Cake Delivery Sign Off

Business By KTB4 Updated 1 Jun 2010 , 5:36pm by KHalstead

KTB4 Posted 31 May 2010 , 8:37pm
post #1 of 14

I noticed that a lot of you mention having people sign off on the cakes that you deliver to venues. Does anyone have a sample of the form they use that they'd be willing to share? Thanks.

13 replies
indydebi Posted 31 May 2010 , 9:32pm
post #2 of 14

If you're going to get someone to sign off, be sure your contract clearly states what is being signed off on.

I've read that some CC'ers get "someone at the venue" or the caterer to sign off. As a caterer, I would refuse to sign anything. Absolutely refuse. I don't knwo what was order, what it's suppose to look like or even if it's the right cake. I'm not signing anything that puts me liabile for a bride's cake. I'm not signing anything that enables the baker to say, "Well, Debi signed off so talk to her ... it's not my problem, you guys duke it out."

On my D&R's (Drop and Runs), I never had anyone sign off. I set up the cake, took my pic, and left.

jenmat Posted 31 May 2010 , 10:05pm
post #3 of 14

I used to do this for about a year- it clearly stated that liability is NOT being transferred to the venue, just saying that the cake was intact upon delivery and set up in the right location. However, I had a venue coordinator/manager throw a tee-total fit at me about it that he wasn't signing anything that he didn't dictate the wording to, so I did let it go and no longer offer this. I always thought it was a good way of doing things, since then at least the venue sees the cake in good condition, but I can see why a venue wouldn't want to accept any responsibility for a cake.
I've never had any issues with my cakes (so far....), so I guess this was overkill anyway.

Loucinda Posted 31 May 2010 , 10:13pm
post #4 of 14

I have never had anyone sign off on the cakes either. There is rarely anyone there that knows anything about the cake to sign for it. I set it, take pics, and leave.

KTB4 Posted 1 Jun 2010 , 12:15am
post #5 of 14

Hmm okay. Good to know icon_smile.gif I appreciate the advice.

Tellis12 Posted 1 Jun 2010 , 1:18am
post #6 of 14

I'm so glad you asked this question. I'm just starting to do wedding cakes and I took a release form and had the coordinator at the venue sign it and she said she'd never had to do this in 14 years of doing weddings. I thought it was something you did, but when I see the reasons explained above, I can see why a caterer or venue wouldn't want to sign off on such a thing. I always take a photo. You think that's enough?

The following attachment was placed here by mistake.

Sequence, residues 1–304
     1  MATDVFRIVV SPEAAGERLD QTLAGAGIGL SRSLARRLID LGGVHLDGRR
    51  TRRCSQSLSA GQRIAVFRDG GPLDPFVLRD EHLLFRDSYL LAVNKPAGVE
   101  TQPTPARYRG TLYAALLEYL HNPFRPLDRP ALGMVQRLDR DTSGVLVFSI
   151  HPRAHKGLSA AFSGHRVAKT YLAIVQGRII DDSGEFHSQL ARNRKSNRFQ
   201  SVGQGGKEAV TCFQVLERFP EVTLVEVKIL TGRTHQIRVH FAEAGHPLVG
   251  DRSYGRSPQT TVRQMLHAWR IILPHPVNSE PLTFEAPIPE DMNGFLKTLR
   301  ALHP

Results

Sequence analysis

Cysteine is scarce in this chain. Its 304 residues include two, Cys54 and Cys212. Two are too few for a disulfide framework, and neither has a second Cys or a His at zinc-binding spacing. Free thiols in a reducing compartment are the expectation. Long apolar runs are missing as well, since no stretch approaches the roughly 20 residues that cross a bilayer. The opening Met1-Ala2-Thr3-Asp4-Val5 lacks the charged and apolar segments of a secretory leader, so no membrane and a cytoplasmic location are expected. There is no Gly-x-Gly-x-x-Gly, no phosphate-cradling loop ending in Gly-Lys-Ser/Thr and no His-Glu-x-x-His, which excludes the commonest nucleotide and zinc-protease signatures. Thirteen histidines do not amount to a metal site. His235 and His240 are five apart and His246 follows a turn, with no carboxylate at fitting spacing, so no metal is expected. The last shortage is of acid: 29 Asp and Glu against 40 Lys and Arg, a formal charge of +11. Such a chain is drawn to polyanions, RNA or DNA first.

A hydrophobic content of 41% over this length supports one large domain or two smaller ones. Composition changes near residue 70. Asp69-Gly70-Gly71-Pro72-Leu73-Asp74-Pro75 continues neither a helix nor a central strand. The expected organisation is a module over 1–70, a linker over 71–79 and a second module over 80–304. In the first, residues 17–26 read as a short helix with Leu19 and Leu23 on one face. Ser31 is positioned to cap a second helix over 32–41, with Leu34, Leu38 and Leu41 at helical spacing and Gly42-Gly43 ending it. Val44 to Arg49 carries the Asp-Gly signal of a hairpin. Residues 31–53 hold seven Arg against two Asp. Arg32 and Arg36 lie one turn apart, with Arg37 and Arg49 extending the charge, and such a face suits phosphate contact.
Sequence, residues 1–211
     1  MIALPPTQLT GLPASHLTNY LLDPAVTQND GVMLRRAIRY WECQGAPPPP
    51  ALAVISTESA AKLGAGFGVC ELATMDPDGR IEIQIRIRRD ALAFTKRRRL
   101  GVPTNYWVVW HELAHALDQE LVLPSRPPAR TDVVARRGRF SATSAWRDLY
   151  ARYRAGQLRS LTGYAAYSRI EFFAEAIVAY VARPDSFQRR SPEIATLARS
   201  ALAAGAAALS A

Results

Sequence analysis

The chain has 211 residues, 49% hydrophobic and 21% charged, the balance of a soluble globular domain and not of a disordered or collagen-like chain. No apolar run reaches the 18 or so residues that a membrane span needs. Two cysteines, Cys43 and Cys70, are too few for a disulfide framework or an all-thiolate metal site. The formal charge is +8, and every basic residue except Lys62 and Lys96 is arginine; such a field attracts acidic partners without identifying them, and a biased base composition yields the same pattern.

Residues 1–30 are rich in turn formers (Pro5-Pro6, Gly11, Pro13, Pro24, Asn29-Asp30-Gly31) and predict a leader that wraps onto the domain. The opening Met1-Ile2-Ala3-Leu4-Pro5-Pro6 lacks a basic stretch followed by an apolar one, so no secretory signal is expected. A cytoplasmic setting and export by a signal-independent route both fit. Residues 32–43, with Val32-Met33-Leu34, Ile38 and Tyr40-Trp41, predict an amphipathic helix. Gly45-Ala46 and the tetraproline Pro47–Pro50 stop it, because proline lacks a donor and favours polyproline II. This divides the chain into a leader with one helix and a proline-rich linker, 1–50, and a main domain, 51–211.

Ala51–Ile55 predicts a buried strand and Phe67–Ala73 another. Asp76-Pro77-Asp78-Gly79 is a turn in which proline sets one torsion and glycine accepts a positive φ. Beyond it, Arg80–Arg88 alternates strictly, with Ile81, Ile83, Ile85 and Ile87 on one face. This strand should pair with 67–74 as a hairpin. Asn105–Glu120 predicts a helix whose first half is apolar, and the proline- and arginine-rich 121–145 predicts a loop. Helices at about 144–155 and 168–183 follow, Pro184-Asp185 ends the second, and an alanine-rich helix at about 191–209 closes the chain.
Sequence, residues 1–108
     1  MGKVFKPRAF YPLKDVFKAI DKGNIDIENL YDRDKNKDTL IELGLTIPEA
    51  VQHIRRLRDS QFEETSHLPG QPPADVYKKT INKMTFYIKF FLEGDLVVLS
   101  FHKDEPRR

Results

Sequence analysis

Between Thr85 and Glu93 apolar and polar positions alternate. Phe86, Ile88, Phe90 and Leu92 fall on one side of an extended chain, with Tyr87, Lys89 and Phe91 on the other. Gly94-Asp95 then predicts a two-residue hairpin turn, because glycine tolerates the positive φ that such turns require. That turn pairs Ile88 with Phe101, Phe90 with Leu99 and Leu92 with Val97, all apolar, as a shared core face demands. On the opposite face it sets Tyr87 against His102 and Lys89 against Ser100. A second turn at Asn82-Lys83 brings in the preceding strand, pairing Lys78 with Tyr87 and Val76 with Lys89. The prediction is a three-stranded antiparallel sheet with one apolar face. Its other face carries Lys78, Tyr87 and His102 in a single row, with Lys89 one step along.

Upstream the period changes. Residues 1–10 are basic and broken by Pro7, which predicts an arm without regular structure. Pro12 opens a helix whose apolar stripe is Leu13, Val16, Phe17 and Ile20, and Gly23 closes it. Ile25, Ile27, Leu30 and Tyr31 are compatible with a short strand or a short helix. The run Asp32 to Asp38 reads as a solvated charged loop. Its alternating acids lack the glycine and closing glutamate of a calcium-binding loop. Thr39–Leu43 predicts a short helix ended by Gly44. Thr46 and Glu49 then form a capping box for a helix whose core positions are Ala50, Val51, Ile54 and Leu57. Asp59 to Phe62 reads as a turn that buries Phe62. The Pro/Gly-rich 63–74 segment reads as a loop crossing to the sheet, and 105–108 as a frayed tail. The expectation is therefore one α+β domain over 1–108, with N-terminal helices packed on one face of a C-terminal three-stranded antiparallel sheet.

karateka Posted 1 Jun 2010 , 1:29am
post #7 of 14

I state in my contract that someone responsible has to be there to sign for the cake. Nobody's pitched a fit or even questioned it as yet.

Cenell Posted 1 Jun 2010 , 1:36am
post #8 of 14

I take photos of the cake in all angles @ the venue, so the picture shows the venue and the cake at the same time. That is proof just in case happen what happened to me long time ago with a customer who said that the cake was cracked and I sent her the picture and she was so ashamed because she wasn't at the place at the moment of the delivery and somebody cracked the fondant. So in resume take pictures, pictures pictures. Lol.

Katiebelle74 Posted 1 Jun 2010 , 3:13am
post #9 of 14

No this is not something for the venue or the caterer not at all. The customer or someone representing them needs to sign off.... i.e. I always pre-arrange with the bride for someone she trusts to sign off.... sister, mom, maid of coordinator (no not an event coordinator at the venue a wedding coordinator who is employed by the bride to oversee her wedding) or whoever the bride is comfortable with.

very simple form to the tune of

________your business name_________ delivered the cake as ordered, on time and in good condition.


written name

that way if they move the darn cake after I leave and screw it up I have pictures I took and this form.

costumeczar Posted 1 Jun 2010 , 12:49pm